Up-and-coming pickle-factory executive Mr. Tamura is sweating out a deal to package kimchi for a South Korean company when he gets some terrible news: his girlfriend has been murdered, and he's the prime suspect. For Tamura, who's obsessed with fitting in, this accusation is disastrous. Still, he does have a tendency to fly into blind rages. Also, he's a giant koala.
Over the last four years, Japanese director Minoru Kawasaki has directed more than a dozen films: some short, some feature-length, and a sizable percentage of them fantastical comedies about human-sized animals co-existing with the general population. Executive Koala is the most highly regarded of the bunch, and with good reason. While funny in the "boy, that's odd" sense more than the "laugh 'til you ache" sense, the film is fast-paced and freewheeling, mixing in martial arts, a musical interlude, plot twists galore, and a few pointed comments on Japanese xenophobia. It's easily the most entertaining, imaginative movie ever made about a murderous marsupial in a business suit.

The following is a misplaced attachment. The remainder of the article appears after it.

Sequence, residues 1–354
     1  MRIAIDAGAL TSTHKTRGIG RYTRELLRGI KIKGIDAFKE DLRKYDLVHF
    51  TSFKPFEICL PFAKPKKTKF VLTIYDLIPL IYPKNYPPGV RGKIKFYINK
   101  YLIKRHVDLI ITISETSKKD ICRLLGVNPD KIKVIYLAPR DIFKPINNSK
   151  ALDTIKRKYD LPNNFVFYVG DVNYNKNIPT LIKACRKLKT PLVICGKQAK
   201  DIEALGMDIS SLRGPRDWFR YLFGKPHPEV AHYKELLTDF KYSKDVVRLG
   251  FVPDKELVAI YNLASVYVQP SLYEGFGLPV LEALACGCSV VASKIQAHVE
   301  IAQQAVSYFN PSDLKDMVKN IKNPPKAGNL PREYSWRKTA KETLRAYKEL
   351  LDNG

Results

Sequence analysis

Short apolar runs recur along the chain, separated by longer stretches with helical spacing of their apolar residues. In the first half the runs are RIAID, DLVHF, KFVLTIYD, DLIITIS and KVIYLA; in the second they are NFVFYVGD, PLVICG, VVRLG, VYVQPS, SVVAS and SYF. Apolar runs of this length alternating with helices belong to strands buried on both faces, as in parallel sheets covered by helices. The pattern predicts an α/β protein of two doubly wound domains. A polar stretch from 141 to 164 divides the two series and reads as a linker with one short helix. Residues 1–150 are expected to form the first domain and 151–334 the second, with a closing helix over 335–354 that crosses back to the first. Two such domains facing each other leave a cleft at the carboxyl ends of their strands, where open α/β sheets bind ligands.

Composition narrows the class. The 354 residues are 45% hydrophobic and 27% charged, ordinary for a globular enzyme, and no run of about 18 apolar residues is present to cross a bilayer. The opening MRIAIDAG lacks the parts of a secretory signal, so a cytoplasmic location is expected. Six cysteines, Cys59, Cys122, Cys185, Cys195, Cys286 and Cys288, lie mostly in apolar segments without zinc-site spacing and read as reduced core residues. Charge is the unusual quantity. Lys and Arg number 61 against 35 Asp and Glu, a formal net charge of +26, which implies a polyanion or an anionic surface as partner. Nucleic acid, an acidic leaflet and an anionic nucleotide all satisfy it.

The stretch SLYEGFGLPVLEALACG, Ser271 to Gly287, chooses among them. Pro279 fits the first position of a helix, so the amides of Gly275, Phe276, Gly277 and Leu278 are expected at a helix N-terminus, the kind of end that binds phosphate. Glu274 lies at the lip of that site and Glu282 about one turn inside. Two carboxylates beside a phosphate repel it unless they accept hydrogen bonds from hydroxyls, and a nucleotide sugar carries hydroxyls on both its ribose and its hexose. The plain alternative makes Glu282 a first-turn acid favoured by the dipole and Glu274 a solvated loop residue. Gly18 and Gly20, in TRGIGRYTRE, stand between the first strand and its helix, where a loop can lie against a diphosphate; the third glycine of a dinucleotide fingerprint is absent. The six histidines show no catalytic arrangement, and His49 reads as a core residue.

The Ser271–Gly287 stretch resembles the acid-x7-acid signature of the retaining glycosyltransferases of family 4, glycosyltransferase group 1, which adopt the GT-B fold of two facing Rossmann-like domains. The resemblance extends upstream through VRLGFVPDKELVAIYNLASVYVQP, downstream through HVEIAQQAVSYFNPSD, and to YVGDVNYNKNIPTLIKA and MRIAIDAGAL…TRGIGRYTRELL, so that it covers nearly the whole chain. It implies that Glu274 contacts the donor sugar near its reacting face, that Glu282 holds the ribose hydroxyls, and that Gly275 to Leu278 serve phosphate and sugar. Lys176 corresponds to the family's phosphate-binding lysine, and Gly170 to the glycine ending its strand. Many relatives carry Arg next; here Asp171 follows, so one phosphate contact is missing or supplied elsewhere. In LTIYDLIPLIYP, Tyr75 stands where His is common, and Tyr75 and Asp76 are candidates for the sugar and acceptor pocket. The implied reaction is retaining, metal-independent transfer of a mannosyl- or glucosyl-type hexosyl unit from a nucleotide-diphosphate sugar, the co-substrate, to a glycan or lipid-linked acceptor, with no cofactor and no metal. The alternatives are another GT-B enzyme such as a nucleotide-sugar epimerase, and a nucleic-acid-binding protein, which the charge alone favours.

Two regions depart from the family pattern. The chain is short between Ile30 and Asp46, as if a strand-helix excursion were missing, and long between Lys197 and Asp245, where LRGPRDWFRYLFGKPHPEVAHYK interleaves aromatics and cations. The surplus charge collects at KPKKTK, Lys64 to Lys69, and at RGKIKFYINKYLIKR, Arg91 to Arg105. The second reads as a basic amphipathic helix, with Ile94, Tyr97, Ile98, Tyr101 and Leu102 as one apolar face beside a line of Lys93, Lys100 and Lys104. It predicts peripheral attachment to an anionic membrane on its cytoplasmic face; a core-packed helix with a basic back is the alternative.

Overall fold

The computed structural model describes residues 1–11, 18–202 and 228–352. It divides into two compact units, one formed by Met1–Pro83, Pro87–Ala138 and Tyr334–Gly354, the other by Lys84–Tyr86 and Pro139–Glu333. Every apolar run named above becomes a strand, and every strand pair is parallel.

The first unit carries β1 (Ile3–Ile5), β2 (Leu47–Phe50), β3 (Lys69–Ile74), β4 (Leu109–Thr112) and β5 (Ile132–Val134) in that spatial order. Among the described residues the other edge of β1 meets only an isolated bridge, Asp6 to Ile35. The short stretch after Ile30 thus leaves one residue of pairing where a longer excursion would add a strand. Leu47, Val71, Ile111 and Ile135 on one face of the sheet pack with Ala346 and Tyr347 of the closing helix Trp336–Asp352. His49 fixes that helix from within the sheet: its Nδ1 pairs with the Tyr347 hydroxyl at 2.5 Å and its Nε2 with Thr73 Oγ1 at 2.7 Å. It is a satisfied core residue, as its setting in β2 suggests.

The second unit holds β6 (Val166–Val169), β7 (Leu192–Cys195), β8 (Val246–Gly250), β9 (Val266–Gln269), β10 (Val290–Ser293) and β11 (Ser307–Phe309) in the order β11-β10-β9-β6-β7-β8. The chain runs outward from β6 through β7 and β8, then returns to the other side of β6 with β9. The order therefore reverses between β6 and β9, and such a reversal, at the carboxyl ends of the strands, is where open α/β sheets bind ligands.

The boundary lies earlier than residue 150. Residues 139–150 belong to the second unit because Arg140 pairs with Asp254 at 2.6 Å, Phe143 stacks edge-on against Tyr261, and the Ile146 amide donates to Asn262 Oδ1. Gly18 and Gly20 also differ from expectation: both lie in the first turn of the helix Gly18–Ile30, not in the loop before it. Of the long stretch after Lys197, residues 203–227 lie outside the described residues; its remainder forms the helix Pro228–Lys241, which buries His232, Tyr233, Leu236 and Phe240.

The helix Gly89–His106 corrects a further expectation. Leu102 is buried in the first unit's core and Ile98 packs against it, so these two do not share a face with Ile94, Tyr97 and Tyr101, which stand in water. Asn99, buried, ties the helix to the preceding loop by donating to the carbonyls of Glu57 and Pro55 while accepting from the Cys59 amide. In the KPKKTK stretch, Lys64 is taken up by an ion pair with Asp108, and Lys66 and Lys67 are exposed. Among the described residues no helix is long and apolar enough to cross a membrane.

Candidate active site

The two other films in Synapse's "The Minoru Kawasaki Collection" (each available separately) offer a similar mix of corny synthesized music, broad acting, intentionally fakey effects, and slapdash social messages. But only one of the two is as lively as Executive Koala. The disaster-movie parody The World Sinks Except Japan (a riff on the unseen-in-America blockbuster Japan Sinks) imagines how Japan would handle an influx of wealthy foreigners fleeing their submerged countries, and though it's fairly corrosive at times, the low budget and wider scope don't mesh well, making it a chore to watch. The police-show spoof Rug Cop fares far better, because Kawasaki keeps the running time short, and because he surrounds his hero—a balding detective who curtails criminals by flinging his deadly toupee—with a supporting cast that includes a nerdy cop who sports an enormous lightsaber erection, a chubby cop who emits lethal flopsweat, and a handsome cop who elicits confessions with his power of handsomeness. Throw in a musical montage featuring lyrics like "When a man wears a rug / He hides his head," and you have classic Kawasaki. This is a director who makes movies designed to leave audiences saying, "I watched the weirdest thing last night."
Key features: Extensive behind-the-scenes footage on each.